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1933: The Nazi State Begins
 pg. 65 
Three young women read a sign warning German citizens against Jewish propaganda. While signs like this were common throughout Germany, the initial boycott against Jewish-owned businesses instituted in April was short-lived due to lack of support, the need to shore up the German economy, and the Nazis' fear of an international outcry. The use of bilingual placards was limited to international cities, such as Berlin, Munich, and other major shopping areas.
Photo: UPI/Corbis-Bettmann
The arrest of Jewish merchants was a familiar scene in Germany during Nazi boycott against the Jews. Observant Jews clothed in traditional garb were frequent targets of persecution and harassment. Although only a small minority of the German-Jewish community was Orthodox, the Nazis commonly displayed them as both quintessentially Jewish and "un-German."
Photo: AP/Wide World Photos
Jewish lawyers wait in front of the Lawyers' Chamber building in Berlin to apply for admission. Following passage of legislation in April, the number of Jewish lawyers admitted at the Berlin courts was sharply reduced. For more than 50 years, German antisemites had campaigned to limit Jewish influence in society by restricting the numbers of Jewish lawyers, judges, and teachers.
Photo: AP/Wide World Photos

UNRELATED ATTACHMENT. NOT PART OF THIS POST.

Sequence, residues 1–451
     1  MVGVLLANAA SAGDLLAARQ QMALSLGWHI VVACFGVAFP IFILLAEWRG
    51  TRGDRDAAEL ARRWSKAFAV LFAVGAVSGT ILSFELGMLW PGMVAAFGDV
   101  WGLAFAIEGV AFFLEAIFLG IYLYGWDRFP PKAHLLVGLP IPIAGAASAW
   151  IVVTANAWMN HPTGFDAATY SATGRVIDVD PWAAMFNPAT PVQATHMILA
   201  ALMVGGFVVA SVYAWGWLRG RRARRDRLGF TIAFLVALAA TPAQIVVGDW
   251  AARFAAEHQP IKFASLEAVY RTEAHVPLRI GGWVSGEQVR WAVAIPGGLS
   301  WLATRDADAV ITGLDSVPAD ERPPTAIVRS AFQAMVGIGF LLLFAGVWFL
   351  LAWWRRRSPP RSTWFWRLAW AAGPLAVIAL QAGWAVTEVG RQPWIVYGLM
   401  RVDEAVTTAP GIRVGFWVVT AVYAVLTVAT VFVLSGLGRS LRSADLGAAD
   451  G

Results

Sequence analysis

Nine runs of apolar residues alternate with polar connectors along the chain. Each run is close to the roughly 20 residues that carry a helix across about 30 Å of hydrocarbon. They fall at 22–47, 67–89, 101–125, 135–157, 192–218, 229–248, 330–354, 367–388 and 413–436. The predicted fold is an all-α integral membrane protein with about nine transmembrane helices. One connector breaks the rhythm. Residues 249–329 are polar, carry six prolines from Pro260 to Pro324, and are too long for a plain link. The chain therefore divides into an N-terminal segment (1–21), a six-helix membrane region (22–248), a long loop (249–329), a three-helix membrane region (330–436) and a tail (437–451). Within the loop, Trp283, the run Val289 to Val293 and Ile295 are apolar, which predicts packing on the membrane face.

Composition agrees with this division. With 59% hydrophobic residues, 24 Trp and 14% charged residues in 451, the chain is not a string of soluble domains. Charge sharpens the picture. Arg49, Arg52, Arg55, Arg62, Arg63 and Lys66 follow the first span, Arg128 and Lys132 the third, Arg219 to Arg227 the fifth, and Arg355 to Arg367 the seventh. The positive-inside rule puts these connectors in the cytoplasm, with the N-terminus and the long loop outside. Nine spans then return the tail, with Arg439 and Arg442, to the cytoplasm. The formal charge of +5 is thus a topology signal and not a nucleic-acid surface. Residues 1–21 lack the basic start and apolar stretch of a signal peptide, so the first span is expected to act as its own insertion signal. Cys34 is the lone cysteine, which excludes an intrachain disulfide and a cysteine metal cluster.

May 10, 1933: Books deemed of "un-German spirit," most of them Jewish, are burned on Unter den Linden, opposite the University of Berlin, and throughout Germany. More than 20,000 volumes are destroyed, including works by John Dos Passos, Thomas Mann, Karl Marx, Ernest Hemingway, Upton Sinclair, Émile Zola, H. G. Wells, André Gide, Sigmund Freud, Maxim Gorky, Helen Keller, Friedrich Forster, Marcel Proust, Jack London, and Erich Maria Remarque.
 May 17, 1933: The Bernheim Petition, named for imprisoned Silesian Jew Franz Bernheim, is presented to the League of Nations to protest Germany's anti-Jewish legislation.
 May 17, 1933: In Norway, Vidkun Quisling establishes the Norwegian Fascist Party as well as the Hirdmen (King's Men), a collaborationist organization that's modeled on the Nazi Sturmabteilung (SA).
1933: The Nazi State Begins
 pg. 65 
The Holocaust Chronicle
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